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The Carpenter

4.6 out of 5 stars 282 customer reviews

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Audio CD, September 11, 2012
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Editorial Reviews

2012 album from the critically acclaimed North Carolina Folk-Pop-Rock band. Produced by Rick Rubin and recorded in North Carolina and Malibu, the record follows the group's 2009 breakthrough release and celebrated major label debut, I And Love And You. That album reached #16 on the Billboard Top 200 and received rave notices from press. Blending Bluegrass, Folk and Punk with a Rock 'n' RoII attitude, the quintet, led by brothers Seth and Scott Avett, continues to pen poignant and powerful songs on this new release. The Carpenter includes several of the group's signature harmony-driven acoustic ballads, but the brothers also get boisterous on tunes.
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Digital Booklet: The Carpenter
Digital Booklet: The Carpenter
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Product Details

  • Audio CD (September 11, 2012)
  • Number of Discs: 1
  • Label: American Recordings
  • ASIN: B008OM7A4K
  • Average Customer Review: 4.6 out of 5 stars  See all reviews (282 customer reviews)
  • Amazon Best Sellers Rank: #8,557 in Music (See Top 100 in Music)

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Top Customer Reviews

Format: Audio CD
Sometime after 2000, bluegrass and folk music started to experience a revival - bands were springing up from all parts of the western world playing music that was influenced by folksy do-it-yourself songwriting. It would be hard to say that the Avett Brothers aren't at least partly responsible for this uprising. The band has been around since the early 2000's, releasing 6 full-length records since their inception (among a ton of other releases) - their latest release is not only the 7th for the band, but it's also the second with Rick Rubin helming production duties. Rubin, who's worked with everyone from the Red Hot Chili Peppers to Jay Z to Johnny Cash, helped the band shave away some of their grittier aspects to make way for the infectious melodies of 2009's I AND LOVE AND YOU. 2012's THE CARPENTER finds the Avett Brothers continuing where they left off.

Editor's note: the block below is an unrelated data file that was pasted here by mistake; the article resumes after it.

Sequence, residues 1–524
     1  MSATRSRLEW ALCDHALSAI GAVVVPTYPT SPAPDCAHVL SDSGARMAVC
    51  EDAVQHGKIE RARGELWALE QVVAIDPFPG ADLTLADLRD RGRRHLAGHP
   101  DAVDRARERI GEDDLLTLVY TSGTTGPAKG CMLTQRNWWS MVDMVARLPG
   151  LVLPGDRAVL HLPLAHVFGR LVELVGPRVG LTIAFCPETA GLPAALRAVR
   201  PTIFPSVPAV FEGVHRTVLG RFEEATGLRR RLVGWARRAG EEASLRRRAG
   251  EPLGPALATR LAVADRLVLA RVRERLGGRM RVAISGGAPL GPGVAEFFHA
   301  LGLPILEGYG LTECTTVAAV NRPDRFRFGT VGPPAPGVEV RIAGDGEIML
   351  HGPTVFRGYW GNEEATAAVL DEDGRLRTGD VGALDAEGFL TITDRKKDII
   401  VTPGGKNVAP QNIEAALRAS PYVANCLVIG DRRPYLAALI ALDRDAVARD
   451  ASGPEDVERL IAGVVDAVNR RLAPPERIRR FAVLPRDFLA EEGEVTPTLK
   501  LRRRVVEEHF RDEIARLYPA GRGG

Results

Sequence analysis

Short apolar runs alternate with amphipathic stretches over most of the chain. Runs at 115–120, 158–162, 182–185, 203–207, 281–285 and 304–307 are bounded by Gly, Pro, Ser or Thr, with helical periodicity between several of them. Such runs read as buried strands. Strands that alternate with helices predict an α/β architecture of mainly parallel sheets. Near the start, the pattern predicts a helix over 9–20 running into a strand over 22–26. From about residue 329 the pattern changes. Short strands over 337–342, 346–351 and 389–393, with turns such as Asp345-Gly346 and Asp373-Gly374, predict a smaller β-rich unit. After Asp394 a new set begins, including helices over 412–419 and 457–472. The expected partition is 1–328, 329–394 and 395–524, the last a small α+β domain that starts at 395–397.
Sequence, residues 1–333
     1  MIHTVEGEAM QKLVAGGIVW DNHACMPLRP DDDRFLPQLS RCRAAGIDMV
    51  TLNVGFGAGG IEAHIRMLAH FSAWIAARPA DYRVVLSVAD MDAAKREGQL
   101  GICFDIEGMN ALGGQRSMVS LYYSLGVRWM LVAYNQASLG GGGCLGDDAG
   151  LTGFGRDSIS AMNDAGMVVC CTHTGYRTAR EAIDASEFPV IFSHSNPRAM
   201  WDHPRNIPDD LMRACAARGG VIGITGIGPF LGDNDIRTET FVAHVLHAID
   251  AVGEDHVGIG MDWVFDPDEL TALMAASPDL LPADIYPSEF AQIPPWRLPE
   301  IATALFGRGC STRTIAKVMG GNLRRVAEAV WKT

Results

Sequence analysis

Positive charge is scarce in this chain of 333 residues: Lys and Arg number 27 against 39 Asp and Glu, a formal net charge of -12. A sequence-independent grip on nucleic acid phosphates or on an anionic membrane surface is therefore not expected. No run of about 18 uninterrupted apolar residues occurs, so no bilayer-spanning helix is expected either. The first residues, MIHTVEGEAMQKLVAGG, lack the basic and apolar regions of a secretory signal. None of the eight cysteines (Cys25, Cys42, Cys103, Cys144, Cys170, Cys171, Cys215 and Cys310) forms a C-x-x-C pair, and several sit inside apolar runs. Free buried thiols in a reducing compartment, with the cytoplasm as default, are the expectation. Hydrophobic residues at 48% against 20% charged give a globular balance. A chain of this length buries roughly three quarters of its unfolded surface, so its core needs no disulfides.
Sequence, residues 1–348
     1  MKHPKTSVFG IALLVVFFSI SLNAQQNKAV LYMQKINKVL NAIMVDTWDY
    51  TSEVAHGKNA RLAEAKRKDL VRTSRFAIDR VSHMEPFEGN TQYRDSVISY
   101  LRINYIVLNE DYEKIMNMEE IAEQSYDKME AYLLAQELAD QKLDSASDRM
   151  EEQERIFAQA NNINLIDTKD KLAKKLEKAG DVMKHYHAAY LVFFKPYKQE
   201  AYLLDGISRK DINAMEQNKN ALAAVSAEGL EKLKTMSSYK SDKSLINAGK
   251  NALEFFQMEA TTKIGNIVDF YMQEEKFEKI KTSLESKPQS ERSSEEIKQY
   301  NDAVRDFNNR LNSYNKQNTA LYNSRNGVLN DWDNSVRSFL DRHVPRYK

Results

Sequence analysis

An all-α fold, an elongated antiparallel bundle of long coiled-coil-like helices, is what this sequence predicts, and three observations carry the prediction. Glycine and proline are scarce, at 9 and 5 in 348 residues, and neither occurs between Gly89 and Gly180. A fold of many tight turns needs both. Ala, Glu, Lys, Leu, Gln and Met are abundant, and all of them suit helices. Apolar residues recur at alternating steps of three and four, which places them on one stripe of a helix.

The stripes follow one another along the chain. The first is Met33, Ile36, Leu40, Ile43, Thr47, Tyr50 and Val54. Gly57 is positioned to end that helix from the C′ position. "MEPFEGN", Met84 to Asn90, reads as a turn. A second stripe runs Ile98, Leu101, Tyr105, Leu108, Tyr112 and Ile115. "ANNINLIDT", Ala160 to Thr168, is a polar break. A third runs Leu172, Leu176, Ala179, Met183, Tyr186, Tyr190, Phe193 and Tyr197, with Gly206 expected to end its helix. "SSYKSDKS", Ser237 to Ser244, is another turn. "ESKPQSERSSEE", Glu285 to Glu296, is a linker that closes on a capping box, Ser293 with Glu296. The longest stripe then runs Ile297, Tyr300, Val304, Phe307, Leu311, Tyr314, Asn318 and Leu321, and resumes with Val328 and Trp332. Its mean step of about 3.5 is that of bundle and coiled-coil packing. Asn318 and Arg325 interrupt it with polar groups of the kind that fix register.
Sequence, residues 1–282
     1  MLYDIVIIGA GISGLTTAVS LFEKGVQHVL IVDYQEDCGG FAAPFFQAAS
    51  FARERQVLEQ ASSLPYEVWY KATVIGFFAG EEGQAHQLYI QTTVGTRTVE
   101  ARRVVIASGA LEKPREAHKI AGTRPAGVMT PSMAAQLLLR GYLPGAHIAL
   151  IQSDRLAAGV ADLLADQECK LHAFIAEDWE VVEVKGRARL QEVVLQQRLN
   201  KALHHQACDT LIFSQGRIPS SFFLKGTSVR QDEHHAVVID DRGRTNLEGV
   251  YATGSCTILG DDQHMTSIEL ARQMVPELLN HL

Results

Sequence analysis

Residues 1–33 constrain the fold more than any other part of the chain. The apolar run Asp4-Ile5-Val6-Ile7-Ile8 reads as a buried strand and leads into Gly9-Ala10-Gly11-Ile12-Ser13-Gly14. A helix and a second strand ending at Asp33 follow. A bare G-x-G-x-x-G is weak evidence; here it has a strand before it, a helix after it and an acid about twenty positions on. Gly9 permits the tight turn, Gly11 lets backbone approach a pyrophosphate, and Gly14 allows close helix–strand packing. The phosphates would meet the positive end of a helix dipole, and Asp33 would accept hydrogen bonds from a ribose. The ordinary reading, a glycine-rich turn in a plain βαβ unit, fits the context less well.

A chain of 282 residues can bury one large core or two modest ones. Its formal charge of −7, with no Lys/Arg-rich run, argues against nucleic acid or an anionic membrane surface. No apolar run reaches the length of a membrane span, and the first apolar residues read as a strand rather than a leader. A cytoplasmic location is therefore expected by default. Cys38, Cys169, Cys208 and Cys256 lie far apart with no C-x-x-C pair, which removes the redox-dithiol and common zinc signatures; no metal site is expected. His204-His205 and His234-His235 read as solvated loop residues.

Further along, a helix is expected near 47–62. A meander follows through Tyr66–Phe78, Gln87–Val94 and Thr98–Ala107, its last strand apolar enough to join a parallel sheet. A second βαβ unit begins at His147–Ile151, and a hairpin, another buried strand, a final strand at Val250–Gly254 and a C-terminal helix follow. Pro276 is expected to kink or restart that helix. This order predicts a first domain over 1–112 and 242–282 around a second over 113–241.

If I had to describe the Avett Brothers' sound, I'd say it falls somewhere between the blue-grassy stained Old Crow Medicine Show and the indie-sensibilities of Mumford & Sons. The album begins with "The Once and Future Carpenter," a song that relies on the band's trademark Americana lyrics. Following the first track, the album hits it's groove with three fantastic songs in a row ("Live and Die," "Winter in My Heart," and "Pretty Girl from Michigan.") The second track, "Live and Die" serves as the lead single promoting THE CARPENTER. It's an upbeat track, but it's defined by its dominant melody - it's a song that will be hard to get out of your head with lyrics to match: "Can't you tell that I am alive? Let me prove it to you." The next track, "Winter in My Heart" is one of the more somber tracks on the album.
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The Avett Brothers albums in my mind since Mignonette have been epic. This is epic. This is Avett. This is, however, quite different and more akin to I and Love and You.

Its been a while, three years I guess since their last album, and as they sing in "February Seven", "they are rested and ready to begin". What you get is a lot of really intricate and powerful ballads that are stripped down and intimate but more often laden with cello and piano than in the past. February Seven and Fathers First Spring are probably my favorites, but Winter in My Heart is soooooo lonely and intense.